We must learn how to learn from mistakes and learn boldly. Are our national priorities reflected in the State budget or only in our rhetoric?
by Arunas Dulkys, PhD, Auditor General of the Republic of Lithuania
State resources are limited, so desiring more than necessities may become threatening. By our nature, we are more likely to see only the positive sides to our expectations. Rarely do we think our fulfilled dreams come with a price paid by someone else. What happens if we take actions without thinking about possible consequences? The consequences of an incorrect desire prompt the emergence of another incorrect action. Unless this process is prevented, adverse consequences begin to grow exponentially.
Lithuania is no exception. With limited resources, a difficult task arises—allocating them in such a way that drives economic growth. Processes that are an end in themselves should not be tolerated. Audits conducted by the Supreme Audit Institution (SAI) of Lithuania reveal a picture where program objectives, goals, measures and criteria financed using State budget funds are often artificially developed. Consequently, the administrative burden is increased, and added value is not created.
In developing an evidence-based, results-oriented public administration system in Lithuania, the intent was to use performance data primarily for performance improvement. Using this data exclusively for reporting has numerous negative effects, such as excessive performance criteria, speculation on criteria values and a goal to simply implement the set requirements rather than tangibly improving results.
In his scientific works, Dr. Norbert Wiener, scientist and forerunner of cybernetics and artificial intelligence theory, signaled that we should only pursue objectives and expect results that are truly necessary (not just appear to be so). Scientific studies on management issues led to the coined phrase “monkey’s paw effect.” The phrase signifies a defect and unpredictability of any process when the expected positive result is accompanied by unintended negative consequences resulting in losses that exceed positive results and, at the same time, devalues them.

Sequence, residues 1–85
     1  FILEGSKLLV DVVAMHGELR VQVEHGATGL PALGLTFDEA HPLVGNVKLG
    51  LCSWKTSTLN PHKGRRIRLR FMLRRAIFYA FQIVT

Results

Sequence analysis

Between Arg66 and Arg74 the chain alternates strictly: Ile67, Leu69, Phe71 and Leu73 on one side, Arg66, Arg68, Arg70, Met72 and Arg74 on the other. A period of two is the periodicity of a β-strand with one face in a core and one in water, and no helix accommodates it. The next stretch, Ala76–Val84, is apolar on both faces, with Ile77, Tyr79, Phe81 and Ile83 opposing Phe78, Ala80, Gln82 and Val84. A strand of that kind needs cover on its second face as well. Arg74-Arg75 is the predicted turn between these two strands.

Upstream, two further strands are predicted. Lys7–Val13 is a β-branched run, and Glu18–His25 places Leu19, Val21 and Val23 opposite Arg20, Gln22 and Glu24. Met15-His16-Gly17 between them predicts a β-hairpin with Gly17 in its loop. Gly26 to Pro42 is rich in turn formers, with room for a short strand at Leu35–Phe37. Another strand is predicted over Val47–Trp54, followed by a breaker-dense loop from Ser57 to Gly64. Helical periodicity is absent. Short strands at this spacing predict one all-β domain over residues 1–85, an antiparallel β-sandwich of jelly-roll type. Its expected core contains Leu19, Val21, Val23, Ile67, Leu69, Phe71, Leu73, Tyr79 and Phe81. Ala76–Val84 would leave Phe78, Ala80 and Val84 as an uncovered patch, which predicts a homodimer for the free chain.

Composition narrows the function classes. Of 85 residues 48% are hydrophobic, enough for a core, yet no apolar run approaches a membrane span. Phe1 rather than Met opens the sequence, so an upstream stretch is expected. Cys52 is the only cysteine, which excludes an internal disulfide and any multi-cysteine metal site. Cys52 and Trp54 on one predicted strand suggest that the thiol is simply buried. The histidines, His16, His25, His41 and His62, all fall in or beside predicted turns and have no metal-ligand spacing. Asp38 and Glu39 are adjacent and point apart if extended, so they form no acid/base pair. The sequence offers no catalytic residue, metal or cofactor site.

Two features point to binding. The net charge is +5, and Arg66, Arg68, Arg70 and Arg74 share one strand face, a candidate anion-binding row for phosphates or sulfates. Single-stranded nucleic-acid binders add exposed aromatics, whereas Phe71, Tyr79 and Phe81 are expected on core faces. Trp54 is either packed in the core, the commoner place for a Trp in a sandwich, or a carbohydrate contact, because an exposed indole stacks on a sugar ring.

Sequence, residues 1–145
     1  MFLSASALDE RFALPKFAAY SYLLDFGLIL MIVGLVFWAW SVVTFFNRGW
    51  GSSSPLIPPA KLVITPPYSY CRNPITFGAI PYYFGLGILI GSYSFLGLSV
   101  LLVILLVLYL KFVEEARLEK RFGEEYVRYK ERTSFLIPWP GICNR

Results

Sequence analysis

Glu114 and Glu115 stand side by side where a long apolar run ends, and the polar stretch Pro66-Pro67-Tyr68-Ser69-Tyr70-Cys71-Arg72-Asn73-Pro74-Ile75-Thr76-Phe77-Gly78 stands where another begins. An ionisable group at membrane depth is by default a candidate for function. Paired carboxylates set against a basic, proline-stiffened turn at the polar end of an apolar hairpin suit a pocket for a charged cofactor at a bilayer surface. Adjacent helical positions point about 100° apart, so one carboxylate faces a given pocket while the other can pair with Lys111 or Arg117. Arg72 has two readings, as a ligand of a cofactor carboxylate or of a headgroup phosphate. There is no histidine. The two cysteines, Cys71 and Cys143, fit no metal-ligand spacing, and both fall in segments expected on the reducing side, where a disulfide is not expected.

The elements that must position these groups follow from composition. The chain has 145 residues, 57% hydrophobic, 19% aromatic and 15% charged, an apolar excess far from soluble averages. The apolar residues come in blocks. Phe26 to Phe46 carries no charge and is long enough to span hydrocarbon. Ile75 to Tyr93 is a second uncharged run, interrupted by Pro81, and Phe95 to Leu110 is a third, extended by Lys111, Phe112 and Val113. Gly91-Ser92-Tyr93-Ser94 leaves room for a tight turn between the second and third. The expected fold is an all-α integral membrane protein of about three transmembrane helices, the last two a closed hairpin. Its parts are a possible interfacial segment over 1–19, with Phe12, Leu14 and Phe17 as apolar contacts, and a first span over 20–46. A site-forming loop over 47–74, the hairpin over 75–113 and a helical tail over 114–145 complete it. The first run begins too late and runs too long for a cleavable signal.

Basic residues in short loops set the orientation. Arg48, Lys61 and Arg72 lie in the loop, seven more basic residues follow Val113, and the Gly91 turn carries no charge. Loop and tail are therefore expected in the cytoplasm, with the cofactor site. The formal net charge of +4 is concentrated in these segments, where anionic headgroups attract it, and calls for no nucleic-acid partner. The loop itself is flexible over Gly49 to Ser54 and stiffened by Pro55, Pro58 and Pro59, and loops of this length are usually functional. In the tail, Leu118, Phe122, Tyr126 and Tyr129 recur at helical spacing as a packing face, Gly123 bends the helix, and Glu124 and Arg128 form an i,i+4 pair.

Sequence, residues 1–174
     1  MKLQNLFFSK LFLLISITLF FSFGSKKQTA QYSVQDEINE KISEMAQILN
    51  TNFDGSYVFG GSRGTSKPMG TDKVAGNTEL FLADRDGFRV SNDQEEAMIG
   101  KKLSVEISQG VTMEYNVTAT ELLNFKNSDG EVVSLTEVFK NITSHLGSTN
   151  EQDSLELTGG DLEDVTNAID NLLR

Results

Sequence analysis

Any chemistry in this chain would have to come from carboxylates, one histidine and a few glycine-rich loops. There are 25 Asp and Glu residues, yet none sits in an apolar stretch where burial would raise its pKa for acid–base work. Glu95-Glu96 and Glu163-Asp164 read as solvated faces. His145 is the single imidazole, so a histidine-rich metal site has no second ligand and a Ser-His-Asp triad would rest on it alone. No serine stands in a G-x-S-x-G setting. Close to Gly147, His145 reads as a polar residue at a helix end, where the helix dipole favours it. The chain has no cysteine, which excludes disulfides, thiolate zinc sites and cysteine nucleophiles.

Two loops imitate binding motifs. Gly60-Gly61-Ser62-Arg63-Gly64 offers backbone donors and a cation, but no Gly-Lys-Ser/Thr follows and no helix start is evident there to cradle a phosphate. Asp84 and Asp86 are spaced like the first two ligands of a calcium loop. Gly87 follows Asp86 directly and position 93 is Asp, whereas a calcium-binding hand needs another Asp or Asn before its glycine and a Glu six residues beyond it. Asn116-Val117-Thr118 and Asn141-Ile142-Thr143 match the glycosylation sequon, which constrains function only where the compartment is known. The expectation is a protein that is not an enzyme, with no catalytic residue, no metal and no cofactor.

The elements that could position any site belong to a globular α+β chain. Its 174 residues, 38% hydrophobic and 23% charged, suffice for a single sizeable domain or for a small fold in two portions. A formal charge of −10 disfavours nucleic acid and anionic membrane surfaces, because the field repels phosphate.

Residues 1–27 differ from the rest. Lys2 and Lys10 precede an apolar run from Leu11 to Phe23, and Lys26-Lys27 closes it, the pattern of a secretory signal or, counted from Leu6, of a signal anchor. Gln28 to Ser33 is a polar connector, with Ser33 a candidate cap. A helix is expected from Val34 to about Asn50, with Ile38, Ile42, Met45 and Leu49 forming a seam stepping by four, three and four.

The story tells of a family—husband, wife and son—sitting by a cozy fire listening to stories from a friend who has just returned from overseas duty. He shows the family a dried-up monkey’s paw he brought back with him, and it seems that each owner of the mysterious paw is granted three wishes. Though the wishes (and outcomes) remain a mystery, the tale the friend weaves is one of tragedy.
The gripping tale does not deter the father, who pulls the paw from the fire. After his friend leaves, the son departs for work, and, out of curiosity, the father tries his fortune by wishing for money. The father’s wish comes true, as a clerk from the factory where the son works knocks on the door and presents the family with two hundred pounds. The payment—compensation for a factory accident that killed the son.
The mother gets a spontaneous second wish to bring the dead son back. An ominous knock is heard at the door. The father hastily makes a third wish to refuse all wishes as the door opens to find the son standing there—in a horrifying condition caused by the accident.